The average cost of severe online security breaches now starts at £1.46 million – up from £600,000 in 2014, according to government research published in June 2015. Not only is the cost increasing, but also the number of cyber-attacks. John Chambers, CEO of Cisco, recently predicted an exponential rise in both the number of attacks and volume of successful penetrations. Effective cyber defence requires a different approach to traditional compliance models.

Cybersecurity has become a top-tier risk for businesses. The sophistication of cyber weaponry means any hacker, if determined enough, can penetrate organisational security boundaries to access/remove sensitive data. For many businesses, this is likely to have already happened, typically without even being aware given the ability of the hacker to cover their tracks.

Attackers innovate rapidly and work anonymously to place themselves beyond the reach of law enforcement. Arrests are rare and the cyber underworld has its own information sharing network, meaning vulnerabilities once found are rapidly distributed.

Unfortunately investing in defensive measures alone is not the solution. Attacking techniques evolve as quickly as new counter measures arrive, whilst the demand from staff and customers to have multi-channel/24x7 access to resources means an ever increasing number of points of entry to corporate systems.  The growth of the Internet of Things provides a further field of potential target, whilst outsourcing and extended supply chains create some of the best opportunities to penetrate systems through third party connections via backdoors built into components.

Even where a hack may pose little risk of actual harm to consumers, the reputational harm of an attack is likely to be significant if it becomes public. There’s also the risk of business disruption, loss of competitive advantage (if trade secrets are stolen) and the handling of any regulatory inquiries that may flow from the breach, together with associated forensic analysis and PR/legal costs.

Cyber risk management requires a more agile approach to risk management than other boardroom level risks – a multi- disciplinary approach is needed that looks not only across internal business lines but also works collaboratively with industry peers. The most effective models anticipate an exchange of information about emerging threats within industry sectors, supported by a coherent information governance strategy within the business.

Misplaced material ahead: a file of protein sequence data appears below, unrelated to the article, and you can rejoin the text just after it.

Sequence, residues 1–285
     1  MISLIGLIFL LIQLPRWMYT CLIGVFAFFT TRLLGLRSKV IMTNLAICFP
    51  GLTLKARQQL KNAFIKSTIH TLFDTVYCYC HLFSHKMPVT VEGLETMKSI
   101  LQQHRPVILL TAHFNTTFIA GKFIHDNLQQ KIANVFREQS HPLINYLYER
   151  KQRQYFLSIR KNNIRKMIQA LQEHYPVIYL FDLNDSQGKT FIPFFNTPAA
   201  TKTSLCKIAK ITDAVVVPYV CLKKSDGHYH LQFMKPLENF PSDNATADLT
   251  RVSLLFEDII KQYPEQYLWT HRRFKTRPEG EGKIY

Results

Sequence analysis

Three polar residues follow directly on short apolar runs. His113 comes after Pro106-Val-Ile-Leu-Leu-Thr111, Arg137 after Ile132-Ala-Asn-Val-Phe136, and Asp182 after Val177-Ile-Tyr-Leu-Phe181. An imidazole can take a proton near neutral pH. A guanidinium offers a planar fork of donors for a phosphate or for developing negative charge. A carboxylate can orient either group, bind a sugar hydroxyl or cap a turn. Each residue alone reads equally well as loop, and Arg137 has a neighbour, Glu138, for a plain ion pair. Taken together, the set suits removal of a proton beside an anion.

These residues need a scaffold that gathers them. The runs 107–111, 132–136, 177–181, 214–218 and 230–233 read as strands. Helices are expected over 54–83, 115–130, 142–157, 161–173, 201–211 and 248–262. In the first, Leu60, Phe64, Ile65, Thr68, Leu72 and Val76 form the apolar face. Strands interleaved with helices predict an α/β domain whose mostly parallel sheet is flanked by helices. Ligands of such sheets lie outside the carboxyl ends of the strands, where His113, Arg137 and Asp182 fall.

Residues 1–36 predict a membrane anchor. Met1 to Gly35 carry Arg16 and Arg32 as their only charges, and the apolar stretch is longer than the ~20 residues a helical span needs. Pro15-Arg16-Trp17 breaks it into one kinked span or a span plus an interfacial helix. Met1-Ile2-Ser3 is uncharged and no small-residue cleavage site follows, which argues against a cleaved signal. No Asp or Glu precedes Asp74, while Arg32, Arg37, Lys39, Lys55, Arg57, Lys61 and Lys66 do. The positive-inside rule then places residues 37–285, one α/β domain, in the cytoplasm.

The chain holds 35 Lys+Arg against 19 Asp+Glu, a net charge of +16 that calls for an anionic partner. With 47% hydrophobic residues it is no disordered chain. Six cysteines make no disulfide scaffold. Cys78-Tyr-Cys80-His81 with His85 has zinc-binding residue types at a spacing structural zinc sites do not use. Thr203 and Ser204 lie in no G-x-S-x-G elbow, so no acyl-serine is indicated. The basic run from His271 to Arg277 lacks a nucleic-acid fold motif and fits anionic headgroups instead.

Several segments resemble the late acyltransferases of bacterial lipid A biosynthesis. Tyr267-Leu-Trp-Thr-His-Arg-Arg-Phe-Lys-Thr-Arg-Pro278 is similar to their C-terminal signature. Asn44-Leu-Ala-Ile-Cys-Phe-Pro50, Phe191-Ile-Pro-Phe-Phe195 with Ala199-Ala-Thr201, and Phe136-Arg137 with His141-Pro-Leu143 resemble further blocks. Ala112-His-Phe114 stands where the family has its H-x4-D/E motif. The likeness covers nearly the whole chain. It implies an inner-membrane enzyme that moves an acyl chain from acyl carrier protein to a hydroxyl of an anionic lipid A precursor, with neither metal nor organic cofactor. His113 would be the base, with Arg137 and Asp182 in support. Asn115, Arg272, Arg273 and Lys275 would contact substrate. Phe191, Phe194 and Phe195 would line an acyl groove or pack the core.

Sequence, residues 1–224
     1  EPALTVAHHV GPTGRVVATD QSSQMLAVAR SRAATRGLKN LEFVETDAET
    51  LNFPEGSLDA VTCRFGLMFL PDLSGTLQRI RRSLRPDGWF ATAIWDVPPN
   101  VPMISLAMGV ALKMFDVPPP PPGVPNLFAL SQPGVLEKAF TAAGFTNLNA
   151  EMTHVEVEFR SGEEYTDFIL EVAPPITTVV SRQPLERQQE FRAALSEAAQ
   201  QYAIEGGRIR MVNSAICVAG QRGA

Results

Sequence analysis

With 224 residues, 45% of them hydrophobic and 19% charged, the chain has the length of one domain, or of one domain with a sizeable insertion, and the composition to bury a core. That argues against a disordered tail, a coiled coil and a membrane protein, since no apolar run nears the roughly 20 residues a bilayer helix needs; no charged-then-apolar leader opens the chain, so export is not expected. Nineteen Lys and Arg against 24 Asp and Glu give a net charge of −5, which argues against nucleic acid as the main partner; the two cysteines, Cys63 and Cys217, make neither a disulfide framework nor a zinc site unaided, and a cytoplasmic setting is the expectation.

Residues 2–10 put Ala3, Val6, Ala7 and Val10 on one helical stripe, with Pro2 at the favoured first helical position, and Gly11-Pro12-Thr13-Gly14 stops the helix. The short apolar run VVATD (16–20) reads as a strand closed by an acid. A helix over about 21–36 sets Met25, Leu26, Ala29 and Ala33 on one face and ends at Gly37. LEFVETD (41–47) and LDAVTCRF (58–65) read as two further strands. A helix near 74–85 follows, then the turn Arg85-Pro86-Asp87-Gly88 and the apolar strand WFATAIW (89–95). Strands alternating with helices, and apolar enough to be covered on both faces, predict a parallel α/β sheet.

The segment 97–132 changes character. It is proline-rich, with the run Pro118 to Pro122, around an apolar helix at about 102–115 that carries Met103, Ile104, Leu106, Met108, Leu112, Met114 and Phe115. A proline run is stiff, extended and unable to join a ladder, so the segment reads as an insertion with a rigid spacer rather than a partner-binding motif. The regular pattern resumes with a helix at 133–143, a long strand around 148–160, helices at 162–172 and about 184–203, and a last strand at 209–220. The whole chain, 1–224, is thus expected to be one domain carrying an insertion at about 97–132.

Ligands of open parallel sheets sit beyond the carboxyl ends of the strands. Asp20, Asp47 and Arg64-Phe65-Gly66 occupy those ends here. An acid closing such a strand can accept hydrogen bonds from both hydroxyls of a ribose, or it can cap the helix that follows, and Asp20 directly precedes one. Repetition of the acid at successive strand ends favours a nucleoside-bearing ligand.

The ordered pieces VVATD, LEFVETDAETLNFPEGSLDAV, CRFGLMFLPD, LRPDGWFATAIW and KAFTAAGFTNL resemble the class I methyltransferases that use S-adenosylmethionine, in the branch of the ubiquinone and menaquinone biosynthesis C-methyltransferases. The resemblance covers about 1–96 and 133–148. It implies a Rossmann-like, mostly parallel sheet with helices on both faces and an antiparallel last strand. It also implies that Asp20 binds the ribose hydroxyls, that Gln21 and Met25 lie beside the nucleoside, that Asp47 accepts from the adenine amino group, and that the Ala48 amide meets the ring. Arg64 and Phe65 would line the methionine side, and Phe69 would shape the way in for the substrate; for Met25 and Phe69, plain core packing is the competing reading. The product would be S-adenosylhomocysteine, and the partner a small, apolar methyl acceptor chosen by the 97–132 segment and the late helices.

QUESTIONS TO ASK YOURSELF:

 

  • Do you have a strong governance program in place?

The NACD Cyber-Risk Oversight Handbook, which DLA Piper lawyers helped to draft, provides a helpful roadmap for demystifying cybersecurity and establishing a structure so directors can meet their duty of care.

  • Do you have an incident response plan in place, and have you tested it?

Implementing an incident response plan for cyberincidents and conducting tabletop exercises to gauge how your business would act to an incident is a key countermeasure to reduce the costs flowing from a data breach.

  • Are you conducting periodic cybersecurity risk reviews?

Companies often need to conduct outside assessments to meet duties of care and to pass third-party cybersecurity audits required by customers.

  • Are you managing your supply chain risk?

Addressing vendor and supply chain risk is an important part of cyber-risk management. One part of this effort involves managing vendor agreements to require, among other things, providing notice of suspected (not just actual) breaches, requiring third-party security audits and obtaining adequate indemnification. A related test for purchasers and suppliers is tracking agreements that need updating when open for renewal and mapping notification obligations in the event of a breach. It can also be important to obtain third-party security audits further down the supply chain of component suppliers.

  • How do you respond to a breach?

It is critical to respond quickly and effectively to an incident, conducting a thorough investigation to events on the ground whilst in parallel handling any regulatory notices/messages  to customer who may be affected. In the case of a payment card breach, it is important to upload affected card numbers through a merchant’s payment card processor so that the numbers are flagged for fraud monitoring to avoid potential card fraud.

  • Does your insurance adequately cover data breach risk?

Insurance is a key part of risk management and can offer significant protection for monetary costs incurred from data breaches. Finding the right coverage for your organisation’s risk posture is important.

  • Are you addressing cybersecurity risk in M&A transactions?

Over the past decade, M&A transactions have resulted in some costly security liabilities. Cybersecurity risk has grown so important that it merits particular attention in the due diligence process. Furthermore, cybersecurity risk must be addressed during post-merger integration. Legacy systems are often vulnerable to attack and it is important, where possible, to implement post-merger security solutions reflecting best practices.

  • Are you keeping up with rapidly changing regulatory requirements?

Cybersecurity and data security are topics of great concern to policymakers. Requirements are changing rapidly around the world and enforcement is increasing. While compliance with regulatory requirements is no guarantee against a security incident, suffering a reportable security incident when out of compliance can significantly increase risk, penalties and adverse publicity.